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A privileged child learns his maternal figure may possibly leave him, leading to a shift in his character.
Review (with Spoilers) – Below
Characters & Story
Young Oliver (Spencer List) has such a causal relationship with his birth mother Luna (Pilar Lopez de Ayala), that he more so treats her as a big sister than his mother. However, when it comes to Aida (Adriana Barraza), the housekeeper, things are a different story. With her, he fears disapproval, and with her becoming sick he finds his ability to be lovable, odd, Oliver a bit shaken. Leading to a story in which we see how one young man losing the ideal mother figure, for him, can rock his foundation to the core.
With there being no shortage of young white men in film, especially those dealing with grief, admittedly the story does seem boring in the beginning. However, List finds a way to wear you down and eventually feel for him. For while Luna isn’t a horrible mom, the worse you could say is she doesn’t know how to cook, you can see he years for a more traditional maternal figure vs. the cool mom. Leading to de Ayala getting to become lovable for you can see it does hurt her, this idea that her child is open to her because he doesn’t revere her. Something which could be seen when he was more worried about Aida learning he smoked than her.
Though I would be remiss if I didn’t mention the character Valerio (Eric Nelsen), who is one of Oliver’s friends. For while Oliver’s story doesn’t just focus on his relationship with Aida, I must admit I found it hard to care about his coming of age nonsense. However, his friendship with Valerio, or Val, was strong enough for Nelsen to be interesting. For with the movie having almost no real parental figures, in the biological sense, you are given this look into kids, of the privileged class mind you, searching for the meaning of love, sex, and a real connection, through each other. Making Oliver’s support of Val, who has one crazy ass brother, who pisses on him in the movie, touching in a way. Especially become Nelsen makes Val lovable enough to make you feel he could be the star of the film and you would have no issues with it.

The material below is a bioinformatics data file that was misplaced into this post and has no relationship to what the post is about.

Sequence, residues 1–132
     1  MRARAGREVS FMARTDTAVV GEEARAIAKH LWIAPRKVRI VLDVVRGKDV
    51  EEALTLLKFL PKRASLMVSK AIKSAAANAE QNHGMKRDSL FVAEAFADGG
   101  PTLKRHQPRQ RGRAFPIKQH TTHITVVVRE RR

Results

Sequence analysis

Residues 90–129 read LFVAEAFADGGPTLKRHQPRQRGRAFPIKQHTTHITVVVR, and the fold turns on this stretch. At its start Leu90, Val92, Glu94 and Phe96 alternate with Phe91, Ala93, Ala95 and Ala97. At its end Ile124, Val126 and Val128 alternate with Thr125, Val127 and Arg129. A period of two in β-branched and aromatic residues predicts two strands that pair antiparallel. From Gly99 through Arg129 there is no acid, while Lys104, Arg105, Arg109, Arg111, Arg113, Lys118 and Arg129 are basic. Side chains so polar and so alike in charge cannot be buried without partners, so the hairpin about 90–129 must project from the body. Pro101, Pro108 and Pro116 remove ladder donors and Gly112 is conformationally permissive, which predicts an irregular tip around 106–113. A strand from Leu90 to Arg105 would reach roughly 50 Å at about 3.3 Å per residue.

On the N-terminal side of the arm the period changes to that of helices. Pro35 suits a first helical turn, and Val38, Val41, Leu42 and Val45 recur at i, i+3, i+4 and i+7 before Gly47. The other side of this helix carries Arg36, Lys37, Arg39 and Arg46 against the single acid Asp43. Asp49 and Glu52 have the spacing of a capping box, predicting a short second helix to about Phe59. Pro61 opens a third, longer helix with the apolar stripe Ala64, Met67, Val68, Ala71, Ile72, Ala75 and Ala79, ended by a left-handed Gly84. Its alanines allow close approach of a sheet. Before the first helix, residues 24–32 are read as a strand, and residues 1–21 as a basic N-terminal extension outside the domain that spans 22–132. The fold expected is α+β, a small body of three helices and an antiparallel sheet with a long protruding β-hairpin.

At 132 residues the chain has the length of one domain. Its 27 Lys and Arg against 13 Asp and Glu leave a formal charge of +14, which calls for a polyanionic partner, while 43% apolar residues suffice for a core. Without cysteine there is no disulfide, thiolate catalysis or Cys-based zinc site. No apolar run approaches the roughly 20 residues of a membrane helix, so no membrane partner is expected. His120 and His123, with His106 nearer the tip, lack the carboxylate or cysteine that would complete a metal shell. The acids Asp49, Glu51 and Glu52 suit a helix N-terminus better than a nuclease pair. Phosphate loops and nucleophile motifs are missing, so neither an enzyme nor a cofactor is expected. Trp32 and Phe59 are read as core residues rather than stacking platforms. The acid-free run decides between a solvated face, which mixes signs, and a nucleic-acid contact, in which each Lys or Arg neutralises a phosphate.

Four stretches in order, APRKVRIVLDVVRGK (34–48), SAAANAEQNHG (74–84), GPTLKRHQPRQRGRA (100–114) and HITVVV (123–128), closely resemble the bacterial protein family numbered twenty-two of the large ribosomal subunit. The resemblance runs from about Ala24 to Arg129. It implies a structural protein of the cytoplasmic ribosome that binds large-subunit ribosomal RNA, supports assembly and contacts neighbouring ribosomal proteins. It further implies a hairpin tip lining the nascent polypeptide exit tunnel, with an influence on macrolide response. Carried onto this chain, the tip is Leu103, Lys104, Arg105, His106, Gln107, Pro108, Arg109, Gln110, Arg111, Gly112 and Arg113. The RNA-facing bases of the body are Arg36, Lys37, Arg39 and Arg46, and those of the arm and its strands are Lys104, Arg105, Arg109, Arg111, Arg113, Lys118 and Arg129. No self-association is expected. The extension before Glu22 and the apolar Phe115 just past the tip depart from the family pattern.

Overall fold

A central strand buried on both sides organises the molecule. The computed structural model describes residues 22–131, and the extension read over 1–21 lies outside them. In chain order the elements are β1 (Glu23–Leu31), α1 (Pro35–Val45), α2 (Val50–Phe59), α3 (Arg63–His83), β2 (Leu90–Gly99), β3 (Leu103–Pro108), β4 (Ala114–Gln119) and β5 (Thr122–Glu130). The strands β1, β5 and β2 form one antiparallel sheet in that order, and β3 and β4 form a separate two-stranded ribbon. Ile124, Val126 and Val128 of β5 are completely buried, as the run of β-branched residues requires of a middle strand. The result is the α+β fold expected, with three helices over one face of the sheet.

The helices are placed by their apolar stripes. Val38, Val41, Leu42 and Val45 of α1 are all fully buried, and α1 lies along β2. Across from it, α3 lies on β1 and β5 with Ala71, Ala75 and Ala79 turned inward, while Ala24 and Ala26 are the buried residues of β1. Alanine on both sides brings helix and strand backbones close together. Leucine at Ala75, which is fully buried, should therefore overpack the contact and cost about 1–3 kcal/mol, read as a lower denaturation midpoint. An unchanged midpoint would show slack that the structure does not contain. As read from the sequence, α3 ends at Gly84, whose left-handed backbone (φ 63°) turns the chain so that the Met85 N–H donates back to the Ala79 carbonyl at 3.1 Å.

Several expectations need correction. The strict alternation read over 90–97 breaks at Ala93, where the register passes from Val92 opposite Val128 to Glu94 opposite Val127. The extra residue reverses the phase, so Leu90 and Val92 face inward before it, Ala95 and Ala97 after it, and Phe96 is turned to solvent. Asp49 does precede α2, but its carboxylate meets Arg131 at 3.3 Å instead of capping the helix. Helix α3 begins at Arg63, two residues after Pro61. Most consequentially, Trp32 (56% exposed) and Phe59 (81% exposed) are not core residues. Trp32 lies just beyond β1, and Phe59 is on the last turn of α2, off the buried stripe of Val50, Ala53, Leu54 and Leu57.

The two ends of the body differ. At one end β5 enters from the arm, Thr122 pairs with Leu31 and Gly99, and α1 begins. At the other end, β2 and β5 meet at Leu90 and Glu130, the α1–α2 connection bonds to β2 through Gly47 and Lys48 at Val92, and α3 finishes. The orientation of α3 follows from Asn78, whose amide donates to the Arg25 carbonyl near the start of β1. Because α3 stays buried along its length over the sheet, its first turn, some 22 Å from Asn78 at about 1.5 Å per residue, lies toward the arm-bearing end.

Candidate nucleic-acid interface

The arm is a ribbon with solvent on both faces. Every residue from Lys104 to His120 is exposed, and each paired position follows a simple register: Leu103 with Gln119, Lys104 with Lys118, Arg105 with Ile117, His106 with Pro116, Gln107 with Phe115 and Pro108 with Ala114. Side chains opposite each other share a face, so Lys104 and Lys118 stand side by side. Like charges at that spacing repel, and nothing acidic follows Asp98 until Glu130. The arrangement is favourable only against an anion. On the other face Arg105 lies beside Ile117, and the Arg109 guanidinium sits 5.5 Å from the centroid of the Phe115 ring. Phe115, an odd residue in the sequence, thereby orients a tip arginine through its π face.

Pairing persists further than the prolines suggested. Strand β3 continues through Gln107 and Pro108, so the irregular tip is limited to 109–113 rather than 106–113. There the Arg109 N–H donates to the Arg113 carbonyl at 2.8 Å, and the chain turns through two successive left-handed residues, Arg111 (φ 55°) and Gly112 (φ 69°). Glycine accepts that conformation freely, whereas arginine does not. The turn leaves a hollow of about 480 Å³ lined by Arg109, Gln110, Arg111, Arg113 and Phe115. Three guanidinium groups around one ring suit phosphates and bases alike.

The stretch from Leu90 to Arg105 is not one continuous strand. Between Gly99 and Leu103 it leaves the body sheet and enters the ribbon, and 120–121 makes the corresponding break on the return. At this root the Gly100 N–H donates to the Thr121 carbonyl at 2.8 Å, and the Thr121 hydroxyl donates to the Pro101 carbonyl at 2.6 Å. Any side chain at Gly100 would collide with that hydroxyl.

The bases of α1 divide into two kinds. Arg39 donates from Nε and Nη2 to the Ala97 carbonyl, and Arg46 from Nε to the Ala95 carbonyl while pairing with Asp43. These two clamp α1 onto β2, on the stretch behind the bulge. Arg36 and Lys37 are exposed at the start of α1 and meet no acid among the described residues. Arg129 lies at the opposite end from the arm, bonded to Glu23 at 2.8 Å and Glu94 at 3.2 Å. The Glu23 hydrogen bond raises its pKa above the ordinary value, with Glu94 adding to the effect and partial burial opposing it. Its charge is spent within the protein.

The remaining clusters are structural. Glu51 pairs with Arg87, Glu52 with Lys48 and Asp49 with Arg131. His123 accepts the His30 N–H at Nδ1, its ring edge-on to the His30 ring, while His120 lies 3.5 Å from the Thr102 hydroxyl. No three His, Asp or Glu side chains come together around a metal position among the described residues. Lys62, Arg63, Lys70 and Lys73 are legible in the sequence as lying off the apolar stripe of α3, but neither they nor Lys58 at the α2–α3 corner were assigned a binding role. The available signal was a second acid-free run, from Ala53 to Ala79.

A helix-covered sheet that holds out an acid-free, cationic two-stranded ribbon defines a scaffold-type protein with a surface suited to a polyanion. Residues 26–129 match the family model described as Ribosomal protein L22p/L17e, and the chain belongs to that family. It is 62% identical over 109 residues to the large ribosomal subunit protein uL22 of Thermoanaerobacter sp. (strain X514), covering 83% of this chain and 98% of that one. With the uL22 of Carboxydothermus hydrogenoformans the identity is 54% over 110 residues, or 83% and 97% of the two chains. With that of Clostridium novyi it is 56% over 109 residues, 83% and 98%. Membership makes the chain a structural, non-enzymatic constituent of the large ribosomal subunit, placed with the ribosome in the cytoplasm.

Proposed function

When it comes to this film, perhaps the main issue is seeing past Oliver’s privilege. For with Oliver having friends, a girlfriend, girls attracted to him, money, and both a loving housekeeper and mother, it makes him going off the rails a bit over the housekeeper hard to fully connect with. Which I won’t say is due to List’s performance, but more so the difficulty of finding a reason to care about someone who has so much. For while it is established Aida is his maternal figure, it isn’t like Luna is portrayed as someone who goes out all the time and comes in during the middle of the night. No, she was made to seem like she doesn’t date enough and probably works more than anything. So while you get he is sad over Aida’s health, at the same time there isn’t a situation established which makes her seem like she was all he had.
Leading to perhaps another serious issue: The film doesn’t establish why Aida is seen as his mother, and Luna is seen, and treated, as more of a big sister. For while I get, after seeing enough movies and TV shows, that those who can afford housekeepers can grow attached to them, it doesn’t explain the film’s relationship dynamic. For while, at first, you almost believe Aida is Luna’s mother, once that idea is thrown away there is the possibility of not fully understanding what the cause of this family dynamic is?
Overall: TV Viewing
To me, the movie struggles with trying to be half coming of age drama, and the other half focusing on a young man dealing with the fact his maternal figure may die. For while you, to a point, understand his frustration, and actions, at the same time the plot seems so familiar that you have to push yourself to care. Add in lack of details over why he is so attached to Aida, despite how loving and close his relationship with his mom seems, and it leads you to want to question the situation vs. just feeling for a young man losing his maternal figure. Hence the TV Viewing label for it is a good film, but it doesn’t have any remarkable traits, or characters, which makes it stand out in the grand scheme of things.